Your Blue Ridge Trout Guide FAQ
It’s no secret that the best fishing in Georgia happens in Blue Ridge. With affordable guides, phenomenal fly-fishing and unmatched catch rates, no other town comes close.
Feel free to pack your tackle box and head to Lake Blue Ridge. You’ll find multiple types of bass, plus walleye and catfish that pair perfectly with hushpuppies.
But we recommend that everyone – and I mean everyone – try fishing for trout in the Toccoa River at least one time. Once you get a taste of angling in the Trout Fishing Capital of Georgia, you’ll be hooked!
When is the best time to try fly fishing in Blue Ridge, and what kind of trout can I expect to catch?
Trout season runs the last Saturday in March through October 31st. Toccoa’s fishing hours begin 30 minutes before sunrise and end 30 minutes after sunset. Night fishing is not permitted.
Brook, brown and rainbow trout make up about 75% of game fish in the Toccoa. On average, the trout tend to be 10 – 14 inches long, but we’ve known fishermen to land a catch up to 15 inches.
The record? On Feb. 28, 2021, Joe DiPietro (a veteran trout guide) caught a brown trout that weighed 18 pounds 2.4 ounces and came in at 32 inches long.
Do I need a fishing license?
Anyone 16 years or older needs a fishing license in Georgia to fish on public land. Even if you head out with a guide, you generally need a fishing license. Georgia also requires a trout stamp in addition to your basic fishing license if you want to catch mountain trout. You can purchase your license online here.
Should I hire a local trout guide?
Whether you are new to trout fishing, introducing your kids or grandkids to the sport, or you’re an experienced angler looking for the inside track, hiring a guide is always a good idea.
Most of the guides in Blue Ridge have been fishing these waters for years and years and years. Their local know-how, ability to read Mother Nature, and experience with the living river can yield a larger catch.
Here are five reasons why you should consider a Blue Ridge trout guide.
Gear. Your trout guide will provide all the gear you need for your trip. If you don’t have fly-fishing equipment (or you want to try new flies and rods) then a guide will be your most affordable means of equipping your adventure.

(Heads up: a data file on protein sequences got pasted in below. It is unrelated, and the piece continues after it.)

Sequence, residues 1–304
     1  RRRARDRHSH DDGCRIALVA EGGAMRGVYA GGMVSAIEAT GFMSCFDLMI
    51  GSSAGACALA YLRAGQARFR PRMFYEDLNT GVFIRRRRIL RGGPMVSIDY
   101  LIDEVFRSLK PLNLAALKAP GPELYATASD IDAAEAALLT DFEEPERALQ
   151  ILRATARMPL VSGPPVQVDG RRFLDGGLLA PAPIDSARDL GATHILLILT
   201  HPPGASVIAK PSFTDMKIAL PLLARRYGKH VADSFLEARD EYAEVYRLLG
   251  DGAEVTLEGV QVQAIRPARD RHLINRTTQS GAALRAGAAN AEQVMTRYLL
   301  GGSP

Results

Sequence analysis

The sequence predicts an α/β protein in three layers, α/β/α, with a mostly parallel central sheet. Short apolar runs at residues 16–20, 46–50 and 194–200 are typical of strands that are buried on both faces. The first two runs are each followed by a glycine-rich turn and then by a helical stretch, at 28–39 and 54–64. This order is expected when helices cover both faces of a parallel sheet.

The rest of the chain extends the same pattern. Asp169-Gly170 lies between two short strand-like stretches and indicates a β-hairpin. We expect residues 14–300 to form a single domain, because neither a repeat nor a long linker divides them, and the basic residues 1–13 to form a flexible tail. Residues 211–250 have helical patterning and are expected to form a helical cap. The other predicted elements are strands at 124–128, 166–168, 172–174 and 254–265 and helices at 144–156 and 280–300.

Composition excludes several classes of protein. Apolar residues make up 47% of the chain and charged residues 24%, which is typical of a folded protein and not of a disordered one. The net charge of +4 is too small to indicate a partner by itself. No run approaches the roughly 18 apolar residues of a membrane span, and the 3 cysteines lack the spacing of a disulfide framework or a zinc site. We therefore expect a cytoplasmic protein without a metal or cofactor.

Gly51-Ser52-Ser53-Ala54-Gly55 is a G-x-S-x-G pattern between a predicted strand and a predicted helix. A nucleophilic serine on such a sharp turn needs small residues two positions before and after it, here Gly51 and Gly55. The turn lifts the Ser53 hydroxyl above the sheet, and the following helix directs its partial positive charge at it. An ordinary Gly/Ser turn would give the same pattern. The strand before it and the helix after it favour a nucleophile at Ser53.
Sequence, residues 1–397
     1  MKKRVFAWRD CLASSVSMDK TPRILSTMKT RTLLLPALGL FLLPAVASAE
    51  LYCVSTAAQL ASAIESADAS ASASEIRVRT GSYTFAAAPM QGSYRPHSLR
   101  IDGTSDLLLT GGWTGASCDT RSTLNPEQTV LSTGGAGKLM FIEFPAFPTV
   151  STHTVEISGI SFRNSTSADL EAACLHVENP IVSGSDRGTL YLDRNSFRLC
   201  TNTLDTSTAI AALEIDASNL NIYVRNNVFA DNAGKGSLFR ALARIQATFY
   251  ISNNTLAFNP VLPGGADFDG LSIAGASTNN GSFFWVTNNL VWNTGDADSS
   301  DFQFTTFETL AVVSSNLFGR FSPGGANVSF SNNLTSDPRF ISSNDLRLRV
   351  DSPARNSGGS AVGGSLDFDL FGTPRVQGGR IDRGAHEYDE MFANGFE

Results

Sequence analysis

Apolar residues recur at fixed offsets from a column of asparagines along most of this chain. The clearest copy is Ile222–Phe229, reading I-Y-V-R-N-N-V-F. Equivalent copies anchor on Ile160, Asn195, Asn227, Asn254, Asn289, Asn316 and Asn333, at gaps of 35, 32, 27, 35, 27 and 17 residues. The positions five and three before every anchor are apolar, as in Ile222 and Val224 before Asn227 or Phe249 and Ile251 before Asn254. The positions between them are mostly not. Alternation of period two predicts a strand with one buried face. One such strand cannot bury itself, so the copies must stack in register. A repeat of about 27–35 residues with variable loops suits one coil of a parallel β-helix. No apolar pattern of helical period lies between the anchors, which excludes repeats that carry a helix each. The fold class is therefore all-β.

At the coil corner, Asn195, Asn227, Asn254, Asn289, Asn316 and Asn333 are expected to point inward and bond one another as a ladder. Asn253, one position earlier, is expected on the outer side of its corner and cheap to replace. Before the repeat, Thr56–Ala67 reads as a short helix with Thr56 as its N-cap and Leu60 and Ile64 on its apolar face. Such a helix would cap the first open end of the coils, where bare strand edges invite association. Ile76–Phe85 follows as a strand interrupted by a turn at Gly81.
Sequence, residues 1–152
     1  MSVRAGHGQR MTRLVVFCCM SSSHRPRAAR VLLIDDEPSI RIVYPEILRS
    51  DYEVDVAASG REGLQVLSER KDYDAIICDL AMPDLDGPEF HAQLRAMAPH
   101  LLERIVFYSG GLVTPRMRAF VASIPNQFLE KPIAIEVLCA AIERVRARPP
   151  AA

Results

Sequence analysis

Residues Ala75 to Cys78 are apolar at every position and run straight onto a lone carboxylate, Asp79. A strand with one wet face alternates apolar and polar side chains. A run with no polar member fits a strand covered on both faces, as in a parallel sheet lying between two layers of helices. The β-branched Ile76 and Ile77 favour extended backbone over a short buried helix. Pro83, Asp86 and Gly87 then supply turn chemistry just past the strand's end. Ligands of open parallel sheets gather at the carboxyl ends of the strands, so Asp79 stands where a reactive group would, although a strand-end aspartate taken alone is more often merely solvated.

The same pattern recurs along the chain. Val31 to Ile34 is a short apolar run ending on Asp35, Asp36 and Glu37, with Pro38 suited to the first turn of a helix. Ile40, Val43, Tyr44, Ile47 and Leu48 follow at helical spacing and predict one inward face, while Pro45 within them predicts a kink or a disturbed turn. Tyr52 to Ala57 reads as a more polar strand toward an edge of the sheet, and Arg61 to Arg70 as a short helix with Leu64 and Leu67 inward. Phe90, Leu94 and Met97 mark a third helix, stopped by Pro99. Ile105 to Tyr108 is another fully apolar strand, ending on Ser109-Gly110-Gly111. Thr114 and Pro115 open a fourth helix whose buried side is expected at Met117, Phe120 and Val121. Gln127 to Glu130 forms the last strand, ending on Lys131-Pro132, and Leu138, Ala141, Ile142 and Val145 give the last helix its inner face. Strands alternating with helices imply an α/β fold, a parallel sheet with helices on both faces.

Guidance. If you’re new (or rusty) then a guide can offer direction with casting, knot tying, and more. Even a small bit of counseling can make the difference between a rewarding and enjoyable trip, and a frustrating expedition that ends with a baloney sandwich instead of a trout dinner.
For Advanced Anglers
Access. The most important benefit a guide provides to a seasoned fisherman is access to trophy fishing waters, usually on private property. Whether you’re wading or floating, access to the right location is everything.
Optimizations. Even if you’ve been fishing for ages, the guides in Blue Ridge know what to use and when to use it. Changes in season and water flow make all the difference when it comes to choosing the right tackle.
How can I make sure I have a great guided trip?
It’s a guide’s job to communicate with you about the trip, even before you get out on the water. But you can increase the likelihood of your return (on fish and fun) by asking questions upfront and sharing your expectations with the guide before you hire them, to ensure the outfitter is a good match.
Be sure to share your skill level with the guide. Are you new? Do you have any equipment? If you are a seasoned angler, have you fished the Toccoa before? Was it recently or a decade ago?
Ask if the fishing guide provides lunch, and if they don’t then ask about the best places to pick up a brown bag near your meeting place.
Once you’re on the water together, ask questions about why the guide is making certain decisions (if they don’t offer the information.) Why are they changing flies? Why are you moving from one location to another?
Don’t be shy about asking what you did wrong (and what you did right!) A great guide is also a great teacher, offering you a chance to learn how to improve on your next cast…and your next trip.
Finally, if your guide – like most of Blue Ridge’s trout guides - was helpful, patient, thorough and fun, then be sure to say thanks with a monetary tip and a good review. Find the best trout guides in Blue Ridge.